Octavia (she/her) is a 24-year-old trans femme seeking hair removal services. Acquiring such services is a challenge to her financially, as she is unemployed and not stably housed. Octavia is a current college student acquiring a degree in statistical and other quantitative methods. She aspires to go on to work either in the field of economics or the field of sociology. She looks forward to the days after getting hair removal, to reclaiming the time and energy that would otherwise be spent on thinking about and removing the hair on her face.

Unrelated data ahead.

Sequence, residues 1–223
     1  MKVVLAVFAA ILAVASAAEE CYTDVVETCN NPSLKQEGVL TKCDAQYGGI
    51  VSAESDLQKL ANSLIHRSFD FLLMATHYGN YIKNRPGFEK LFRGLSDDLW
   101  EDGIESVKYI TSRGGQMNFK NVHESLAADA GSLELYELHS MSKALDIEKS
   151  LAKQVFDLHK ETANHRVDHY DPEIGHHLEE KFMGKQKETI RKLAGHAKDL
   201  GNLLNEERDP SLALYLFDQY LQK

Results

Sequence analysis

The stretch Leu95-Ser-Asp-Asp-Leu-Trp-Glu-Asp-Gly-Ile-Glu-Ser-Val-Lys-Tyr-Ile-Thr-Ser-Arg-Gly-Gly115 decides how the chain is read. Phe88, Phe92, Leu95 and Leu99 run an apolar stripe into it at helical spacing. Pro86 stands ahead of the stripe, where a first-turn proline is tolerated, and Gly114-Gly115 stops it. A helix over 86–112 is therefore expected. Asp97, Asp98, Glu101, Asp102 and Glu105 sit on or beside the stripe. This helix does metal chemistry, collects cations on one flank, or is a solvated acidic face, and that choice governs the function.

Chloe (she/her) a 26-year-old trans woman seeking facial electrolysis. She looked all over for reasonably priced hair removal, only to find out that nothing around her was immediately affordable in her financial status. As a parent, Chloe's priorities have always been to put her children above all else. Starting HRT lead to a journey of self-discovery, in which Chloe finally started to feel like a real person, rather than just a parent. She has discovered a love for music and a passion for cooking. "Receiving electrolysis will help me regain my confidence and independence to go out in my community with my head held high," she shares. No longer will she spend hours every day plucking, waxing, and concealing facial hair and shadows. She will no longer be worried or afraid of finding a way to put the money together to regain her confidence.